Approaching the monument, Smith saw only a skinny youth seated on its steps, next to a handcart loaded with empty cages. The youth, who had a rather bruised and melancholy look to him, was feeding shrimp to a fat little dragon perched on his shoulder. The dragon ate greedily. The youth watched it with a mother’s tender regard.

“Is there a man hereabouts says he can get rid of those?” Smith inquired, staring at the dragon. He had never seen a tame one before.

“That’d b-be my m-m-master,” said the youth, not meeting Smith’s eyes.

“Well, where is he?”

By way of answer, the youth pointed at the wine shop across the way.

“Back soon?”

The youth nodded. Smith sat down on the steps to wait. The dragon climbed bat-like down to the youth’s knee and squeaked at Smith. It ducked its head and shook its wings, which resembled fine red leather, at him.

“What’s it doing?”

“Sh-she’s begging you for t-t-treats,” said the youth.

“Huh.” Smith scratched his head. “Smart dragon.” The youth nodded. The dragon waited expectantly for treats, and, when none were forthcoming from Smith, it squealed angrily at him and clambered back up the front of the youth’s tunic, where it settled down to groom itself, now and then casting an indignant glance at Smith.

A man emerged from the wine shop. Smith, watching him as he walked across the square, saw that he was big, wore a curious long coat made of oilskin, and had one eye. A leather patch hid where the other had been. The man was red-faced and genial-looking, even more so than might be accounted for by having just emerged from a wine shop.

“C-c-customer, Master,” said the youth. The man rubbed his hands together, grinning at Smith.

“Are you, sir? Are you afflicted with—”

“Dragons, yes, I am. What’re your rates like?”

“I will completely eradicate your dragons for absolutely free!” the man told him. His voice was a hoarse bawl. He grabbed Smith’s hand in his gauntleted own and shook it heartily.

“Free! What’s the catch?”

“No catch, my friend. Etterin Crankhandle, at your service. And let me tell you what those services include! No appointment necessary. I will personally come to your premises and arrange for on-site removal of any and all dragons infesting your property. All wyrmin are humanely trapped—no dangerous poisons or other chemical preparations used. I will then conduct a complete and thorough examination of your roof, shed, or outbuildings, and remove any nests or caches and repair any damage I find such as loose leading, tiles, or slates. I, of course, reserve the right to any contents of said nests or caches. Your roof, shed, or outbuildings will then be sprayed with my Miracle Wyrm Repellent, guaranteed to prevent any reinfestation for a full year. All absolutely free. Interested?”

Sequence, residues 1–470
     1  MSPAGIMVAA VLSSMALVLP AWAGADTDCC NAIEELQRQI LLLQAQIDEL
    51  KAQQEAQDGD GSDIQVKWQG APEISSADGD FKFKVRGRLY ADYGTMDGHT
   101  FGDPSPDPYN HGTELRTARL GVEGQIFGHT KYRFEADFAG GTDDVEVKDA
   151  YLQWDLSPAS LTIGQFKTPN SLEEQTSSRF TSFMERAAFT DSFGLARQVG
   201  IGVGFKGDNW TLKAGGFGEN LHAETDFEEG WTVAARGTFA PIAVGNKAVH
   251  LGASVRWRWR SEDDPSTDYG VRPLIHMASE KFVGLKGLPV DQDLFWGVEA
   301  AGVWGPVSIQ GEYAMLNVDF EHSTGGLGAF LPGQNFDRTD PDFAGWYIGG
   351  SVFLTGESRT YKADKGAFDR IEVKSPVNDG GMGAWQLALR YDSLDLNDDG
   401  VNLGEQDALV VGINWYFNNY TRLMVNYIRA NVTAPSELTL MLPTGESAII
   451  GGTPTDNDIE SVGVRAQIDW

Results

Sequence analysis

“I wish I’d run into you before I spent a fortune on that Gettemol crap,” said Smith, panting as he helped Crankhandle and his assistant push their cart up the street. Crankhandle laughed and shook his head.

“Ah, sir, if I had a gold crown for every time I’d heard someone say that, I’d be a wealthy man!”

“You ought to charge something, then,” said Smith, leaning away from the dragon on the youth’s shoulder, as it stuck its neck out and nipped at him.

“Oh, no,” said Crankhandle. “The dragons themselves are payment enough. And in any case, you wouldn’t have found me there before last month. I’m new here.”

“A traveler, then?”

“I am, sir. Have to be. When I clear wyrmin out of a town, they don’t come back. Pretty soon business dries up, doesn’t it?”

“I suppose it would. Here we are,” said Smith, opening the garden gate. They wheeled the cart in over the lawn and parked it under the canopy-pine. As Crankhandle’s assistant scrambled to slide chocks under the wheels, Crankhandle turned and peered up at the roof. The dragons looked down at him. Crankhandle grinned wide. Smith saw that his teeth had been capped with gold.

“There you are! Uncle’s come with treats, my little darlings. Oh, yes he has.”

Smith went indoors, got a beer, and came back out to watch as the youth unloaded all the cages from the cart. He set them up in a row and opened each one. His master, meanwhile, opened a panel in the floor of the cart, and, from a recess, brought out an iron strongbox. When he opened it, Smith glimpsed a dense greenish stuff, looking like damp compressed sawdust. Crankhandle broke off a cake of it and went to each of the cages, baiting each cage with bits of the cake. The dragon on his assistant’s shoulder turned its head and watched jealously. It began to squeak, doing the same head-bobbing and wing-fluttering routine it had gone through at Smith.

“Here you are, little sweeting,” said Crankhandle, holding out a morsel of the stuff. The little dragon snapped at it avidly and gobbled it down. “That’s the way. Now! Arvin, send her up there.”